by Alison Lueders, Great Green Editing
What is Organic Food?
Food products these days carry lots of different labels: “low sodium”, “gluten-free”, “cage-free” and so on. You will also see the labels for “natural” and “organic.” It’s important to know that “natural” has no actual, government-regulated meaning, while “organic” does.
According to the U.S. Department of Agriculture, “Organic is a labeling term that indicates that the food or other agricultural product has been produced through approved methods that integrate cultural, biological, and mechanical practices that foster cycling of resources, promote ecological balance, and conserve biodiversity. Synthetic fertilizers, sewage sludge, irradiation, and genetic engineering may not be used.”
Despite the bureaucratese, I was truly excited to learn that “sewage sludge” is barred from fertilizing organic food, because I did not know that was an option, and – well – eeewww. At any rate, food with the “USDA Organic” label shown have to follow government standards and come from farms that are inspected to ensure compliance.
The Benefits of Organic Food
In addition to the “no sewage sludge” benefit, organic food is a better choice for both your health and the planet because:
- Producing organic foods creates fewer greenhouse gas emissions. No petroleum-based pesticides or herbicides means fewer GHGs that fuel global warming.
- There is no synthetic fertilizer residue on organic food. See the Sustany® post earlier this month about the “Dirty Dozen” list from the Environmental Working Group, which tests fruits and vegetables for chemical residues.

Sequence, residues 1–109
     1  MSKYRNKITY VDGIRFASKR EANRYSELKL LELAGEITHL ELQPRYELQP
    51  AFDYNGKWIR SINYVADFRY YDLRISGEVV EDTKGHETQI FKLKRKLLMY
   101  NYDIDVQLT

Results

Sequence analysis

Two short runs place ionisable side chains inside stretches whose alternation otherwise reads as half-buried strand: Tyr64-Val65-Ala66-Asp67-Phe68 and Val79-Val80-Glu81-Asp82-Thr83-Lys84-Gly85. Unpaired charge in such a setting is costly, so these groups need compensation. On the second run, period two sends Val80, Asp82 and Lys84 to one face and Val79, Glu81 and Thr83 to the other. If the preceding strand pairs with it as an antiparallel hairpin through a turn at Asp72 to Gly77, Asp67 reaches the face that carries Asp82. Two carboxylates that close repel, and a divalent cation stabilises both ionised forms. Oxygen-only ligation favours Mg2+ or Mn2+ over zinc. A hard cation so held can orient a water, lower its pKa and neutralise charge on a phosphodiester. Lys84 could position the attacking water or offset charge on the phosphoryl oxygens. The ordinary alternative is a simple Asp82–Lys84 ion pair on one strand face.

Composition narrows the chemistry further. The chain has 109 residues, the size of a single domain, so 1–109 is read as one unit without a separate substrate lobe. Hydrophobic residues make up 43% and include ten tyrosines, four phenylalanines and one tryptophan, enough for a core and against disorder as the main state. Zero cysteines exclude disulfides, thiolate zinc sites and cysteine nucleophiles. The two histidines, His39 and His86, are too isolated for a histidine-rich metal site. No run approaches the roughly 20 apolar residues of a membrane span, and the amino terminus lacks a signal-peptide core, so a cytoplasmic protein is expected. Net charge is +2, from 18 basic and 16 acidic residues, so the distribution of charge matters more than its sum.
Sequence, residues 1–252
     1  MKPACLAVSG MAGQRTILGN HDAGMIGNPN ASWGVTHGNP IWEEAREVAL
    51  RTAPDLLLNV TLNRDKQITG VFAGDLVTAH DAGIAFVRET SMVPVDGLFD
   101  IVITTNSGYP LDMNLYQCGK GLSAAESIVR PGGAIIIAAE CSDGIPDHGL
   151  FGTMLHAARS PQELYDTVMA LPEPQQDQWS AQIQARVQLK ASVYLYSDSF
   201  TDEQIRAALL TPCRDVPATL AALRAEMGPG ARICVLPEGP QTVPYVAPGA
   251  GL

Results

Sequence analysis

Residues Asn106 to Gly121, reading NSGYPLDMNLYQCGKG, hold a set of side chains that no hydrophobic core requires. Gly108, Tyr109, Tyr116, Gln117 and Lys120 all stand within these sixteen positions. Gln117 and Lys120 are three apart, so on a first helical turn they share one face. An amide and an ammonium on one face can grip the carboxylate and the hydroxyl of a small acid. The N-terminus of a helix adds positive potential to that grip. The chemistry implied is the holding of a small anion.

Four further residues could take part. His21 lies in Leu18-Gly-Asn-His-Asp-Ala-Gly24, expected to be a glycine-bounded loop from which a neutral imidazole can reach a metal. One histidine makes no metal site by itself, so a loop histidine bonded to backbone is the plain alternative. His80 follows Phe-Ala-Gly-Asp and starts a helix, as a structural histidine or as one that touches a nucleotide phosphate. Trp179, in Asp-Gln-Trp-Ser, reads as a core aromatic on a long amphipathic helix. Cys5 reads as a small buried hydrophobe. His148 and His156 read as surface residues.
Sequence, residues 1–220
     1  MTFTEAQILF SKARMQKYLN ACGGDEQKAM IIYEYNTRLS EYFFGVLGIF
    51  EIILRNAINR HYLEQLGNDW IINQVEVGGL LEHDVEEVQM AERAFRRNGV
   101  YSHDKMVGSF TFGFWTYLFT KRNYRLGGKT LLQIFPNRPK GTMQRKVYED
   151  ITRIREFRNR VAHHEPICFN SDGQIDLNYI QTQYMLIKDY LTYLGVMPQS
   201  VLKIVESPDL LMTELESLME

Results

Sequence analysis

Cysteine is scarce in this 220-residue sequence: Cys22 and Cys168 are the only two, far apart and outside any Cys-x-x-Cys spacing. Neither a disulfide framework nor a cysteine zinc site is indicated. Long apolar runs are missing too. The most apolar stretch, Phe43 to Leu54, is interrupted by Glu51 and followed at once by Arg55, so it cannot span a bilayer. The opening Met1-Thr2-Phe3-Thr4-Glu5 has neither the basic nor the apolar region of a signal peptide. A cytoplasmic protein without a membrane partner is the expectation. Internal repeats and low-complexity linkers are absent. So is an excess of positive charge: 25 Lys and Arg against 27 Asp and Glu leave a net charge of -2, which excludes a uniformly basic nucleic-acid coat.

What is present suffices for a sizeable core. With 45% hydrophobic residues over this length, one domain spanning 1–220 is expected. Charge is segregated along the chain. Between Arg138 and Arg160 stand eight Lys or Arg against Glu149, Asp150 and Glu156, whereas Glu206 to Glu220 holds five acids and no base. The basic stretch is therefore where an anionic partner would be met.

- The USDA Organic label also effectively means “non-GMO” (genetically modified organism) food as well. A huge battle is raging currently about whether or not to label GMO foods in the U.S. Many European countries banned GMO foods years ago, and require labeling on foods that do contain them. In the U.S., some business are opposed to the labeling.
Currently, the jury’s out on the issue of nutrition. There is disagreement about whether organic food is more nutritious than conventionally grown. Stanford University released a study last year that said organic food ISN’T more nutritious. While this is interesting, many people eat organic to avoid ingesting chemicals, not to get more vitamins and minerals.
Organic food as a business is booming, growing from $8.6 billion in sales in 2002 to $29 billion in sales by 2011. The Organic Trade Association projects $42 billion in sales by 2014. Florida, with its deep roots in agriculture and a growing set of farmers that farm sustainably, should be able to cash in on this trend.